At an intersection of the street you will see the Assumption Catholic Church which was built by Portuguese residents in 1862. Exploring further east of this street you will find colourful mosques like the bright blue Zaygaung Mosque and more stately mansions such as the famous residence of Mr. E. Ahmed a renowned businessman who dealt in pearl extraction, tin mining and rubber plantations among others.

Take a drive along Phaya Gyi Street to see an impressive and uninterrupted collection of temples, shrines and monasteries all along one street. Some of the temple complexes can be entered but most of them are closed family shrines.

A short motorbike trip outside the town will bring you to a soft-shell crab farm where you can watch the laborious workings of the farm. There is a shipyard at the bridge going out of Myeik towards towards Yangon. This a fascinating insight into the process of creating large and small ships from raw timber to sea-worthy vessels as well as renovation works on fishing trawlers during the rainy season. As this is a working yard, caution is advised and having a guide might give you access inside one of the ships under construction.

The best way to visit all the above mentioned sights as well as to get inside information about the history and workings of the town is to hire a local tour guide. Phwe Oo (097-7638-1149) is an experienced guide with good English and a vast knowledge of Myeik. Alternatively, arrange a guide through your hotel and take a half or full day tour.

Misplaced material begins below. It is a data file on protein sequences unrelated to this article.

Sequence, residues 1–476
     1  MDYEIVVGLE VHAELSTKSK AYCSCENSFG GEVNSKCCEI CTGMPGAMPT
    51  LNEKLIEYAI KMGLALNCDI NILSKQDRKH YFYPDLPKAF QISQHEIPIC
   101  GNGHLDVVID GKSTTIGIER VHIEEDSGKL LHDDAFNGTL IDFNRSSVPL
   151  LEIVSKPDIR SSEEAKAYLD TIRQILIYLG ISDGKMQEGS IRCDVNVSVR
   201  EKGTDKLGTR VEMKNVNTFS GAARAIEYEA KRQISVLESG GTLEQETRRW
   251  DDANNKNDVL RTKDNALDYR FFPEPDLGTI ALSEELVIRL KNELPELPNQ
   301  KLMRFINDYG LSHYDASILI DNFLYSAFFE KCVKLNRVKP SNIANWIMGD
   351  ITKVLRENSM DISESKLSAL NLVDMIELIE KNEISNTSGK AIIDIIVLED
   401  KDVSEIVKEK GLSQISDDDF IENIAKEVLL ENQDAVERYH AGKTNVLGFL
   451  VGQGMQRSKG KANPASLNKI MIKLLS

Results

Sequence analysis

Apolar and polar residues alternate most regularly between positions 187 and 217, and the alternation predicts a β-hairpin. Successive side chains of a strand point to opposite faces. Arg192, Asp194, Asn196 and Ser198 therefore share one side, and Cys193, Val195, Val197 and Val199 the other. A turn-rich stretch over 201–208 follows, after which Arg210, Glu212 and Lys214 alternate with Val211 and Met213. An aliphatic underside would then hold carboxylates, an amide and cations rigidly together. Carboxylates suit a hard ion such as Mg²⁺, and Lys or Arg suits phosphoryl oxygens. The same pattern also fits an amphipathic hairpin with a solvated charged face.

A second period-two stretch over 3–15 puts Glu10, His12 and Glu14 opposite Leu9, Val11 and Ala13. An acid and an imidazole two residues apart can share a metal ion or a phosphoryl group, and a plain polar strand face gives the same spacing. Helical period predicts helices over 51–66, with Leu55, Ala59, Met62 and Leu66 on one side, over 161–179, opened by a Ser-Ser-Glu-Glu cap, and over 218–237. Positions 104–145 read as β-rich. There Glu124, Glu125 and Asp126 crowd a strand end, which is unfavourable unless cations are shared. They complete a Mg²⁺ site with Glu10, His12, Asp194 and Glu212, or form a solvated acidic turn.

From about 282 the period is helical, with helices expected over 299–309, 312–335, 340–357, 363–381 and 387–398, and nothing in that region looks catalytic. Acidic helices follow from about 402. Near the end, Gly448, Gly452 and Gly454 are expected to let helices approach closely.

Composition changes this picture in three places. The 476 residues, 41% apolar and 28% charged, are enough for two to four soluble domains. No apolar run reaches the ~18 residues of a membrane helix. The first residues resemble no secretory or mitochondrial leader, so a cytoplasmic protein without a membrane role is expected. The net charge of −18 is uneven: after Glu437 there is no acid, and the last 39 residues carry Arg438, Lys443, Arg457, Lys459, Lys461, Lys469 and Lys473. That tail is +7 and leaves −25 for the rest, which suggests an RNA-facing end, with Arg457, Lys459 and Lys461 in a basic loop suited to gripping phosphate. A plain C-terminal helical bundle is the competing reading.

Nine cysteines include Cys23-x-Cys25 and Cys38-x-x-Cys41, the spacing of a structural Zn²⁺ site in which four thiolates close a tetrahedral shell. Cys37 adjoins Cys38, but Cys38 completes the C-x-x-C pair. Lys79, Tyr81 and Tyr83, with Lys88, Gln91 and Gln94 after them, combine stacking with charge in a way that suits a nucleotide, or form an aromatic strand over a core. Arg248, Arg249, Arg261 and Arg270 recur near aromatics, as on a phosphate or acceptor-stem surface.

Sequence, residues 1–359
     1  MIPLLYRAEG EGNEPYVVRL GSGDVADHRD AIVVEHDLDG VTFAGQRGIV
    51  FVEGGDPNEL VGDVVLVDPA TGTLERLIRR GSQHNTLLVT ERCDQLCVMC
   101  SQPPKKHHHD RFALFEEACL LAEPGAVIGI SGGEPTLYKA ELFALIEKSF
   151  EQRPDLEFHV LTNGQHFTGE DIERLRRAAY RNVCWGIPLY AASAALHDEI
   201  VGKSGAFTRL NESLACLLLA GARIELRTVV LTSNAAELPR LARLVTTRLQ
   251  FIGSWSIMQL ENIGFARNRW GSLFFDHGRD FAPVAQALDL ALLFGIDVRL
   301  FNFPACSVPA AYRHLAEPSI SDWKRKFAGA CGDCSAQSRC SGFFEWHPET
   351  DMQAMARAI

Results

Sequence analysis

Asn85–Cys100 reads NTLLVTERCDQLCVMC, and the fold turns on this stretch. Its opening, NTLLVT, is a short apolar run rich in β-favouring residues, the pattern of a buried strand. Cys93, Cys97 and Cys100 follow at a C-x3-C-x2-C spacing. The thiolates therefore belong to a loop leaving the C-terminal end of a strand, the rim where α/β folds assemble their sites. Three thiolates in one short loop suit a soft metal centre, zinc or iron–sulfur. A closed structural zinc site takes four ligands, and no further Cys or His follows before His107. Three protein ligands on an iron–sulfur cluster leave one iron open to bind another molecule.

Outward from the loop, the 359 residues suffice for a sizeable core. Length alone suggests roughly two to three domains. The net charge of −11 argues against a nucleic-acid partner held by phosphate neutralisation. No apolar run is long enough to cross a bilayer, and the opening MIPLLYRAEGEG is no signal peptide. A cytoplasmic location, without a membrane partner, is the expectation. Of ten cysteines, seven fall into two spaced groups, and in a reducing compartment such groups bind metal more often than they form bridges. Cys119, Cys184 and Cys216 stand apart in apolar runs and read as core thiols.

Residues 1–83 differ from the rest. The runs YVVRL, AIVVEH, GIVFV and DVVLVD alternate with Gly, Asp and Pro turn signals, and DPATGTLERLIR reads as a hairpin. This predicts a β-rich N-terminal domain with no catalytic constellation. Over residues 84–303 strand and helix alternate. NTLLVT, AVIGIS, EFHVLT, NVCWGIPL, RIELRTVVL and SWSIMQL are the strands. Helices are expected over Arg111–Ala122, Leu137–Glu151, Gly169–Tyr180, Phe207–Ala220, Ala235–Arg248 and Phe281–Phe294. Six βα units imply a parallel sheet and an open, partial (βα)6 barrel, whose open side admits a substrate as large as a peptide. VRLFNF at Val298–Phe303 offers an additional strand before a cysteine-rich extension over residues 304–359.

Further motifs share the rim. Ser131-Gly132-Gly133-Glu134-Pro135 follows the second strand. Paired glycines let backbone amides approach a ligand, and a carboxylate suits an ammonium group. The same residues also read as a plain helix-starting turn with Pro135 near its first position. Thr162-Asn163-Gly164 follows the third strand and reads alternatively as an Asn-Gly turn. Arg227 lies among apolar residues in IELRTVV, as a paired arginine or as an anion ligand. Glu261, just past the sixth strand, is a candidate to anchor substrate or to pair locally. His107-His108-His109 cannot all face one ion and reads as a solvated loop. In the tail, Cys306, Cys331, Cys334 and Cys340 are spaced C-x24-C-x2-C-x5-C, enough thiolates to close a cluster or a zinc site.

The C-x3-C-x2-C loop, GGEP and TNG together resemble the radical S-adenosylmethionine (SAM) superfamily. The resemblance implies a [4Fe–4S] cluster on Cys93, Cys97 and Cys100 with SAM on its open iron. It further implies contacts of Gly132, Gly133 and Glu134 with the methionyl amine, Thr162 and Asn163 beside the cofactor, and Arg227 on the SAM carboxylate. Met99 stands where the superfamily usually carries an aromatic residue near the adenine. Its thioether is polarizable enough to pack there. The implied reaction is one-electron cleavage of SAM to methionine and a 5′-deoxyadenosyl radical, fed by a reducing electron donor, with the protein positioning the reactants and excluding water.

Traditional Myeik Food
As with many parts of Myanmar, there are some special local delicacies that you shouldn’t miss the opportunity to order while you are in Myeik. Ket kyi kite is a Myeik style of fried noodles that comes with beansprouts, boiled beans, spring onions and sliced squid, prawn or any other meat you fancy. It is cheap and delicious and can be ordered to your preferred spice level.

Arpone is a sweet and delicious pancake-style snack that is popular with Myeik residents at any time of the day. A rice flour base is fried and sweet and moist egg mixture is cooked on top. Coconut shavings are another popular version of the snack which usually costs around 350 Kyats.

Info Box:
If you are planning to go to the islands, make sure you allow yourself an extra day or two to explore the city of Myeik.

Accommodation: Eain Taw Phyu Hotel is a comfortable and modern hotel in a garden setting with a small pool. Rooms from $65. Myint Mo Hotel is a good budget option with clean, spacious rooms though a little further from the downtown area. Rooms from $23.

Transportation: MNA flies from Yangon to Myeik daily. Tickets costs $160 for foreigners or K83,000 for locals each way. Buses to/from Yangon take approximately 16 hours and tickets cost $20-25.


Share this Post:
Marie is copy editor and writer at My Magical Myanmar since 2016. From Ireland but living in Myanmar for the past five years, she specializes in travel writing and hotel and restaurant reviews. Her writing and photography have been published in numerous local as well as major international publications including Al Jazeera and The Irish Times. Her passion lies with exploring unknown destinations and discovering diverse ethnic cuisines."""

0 Comments

Leave a Comment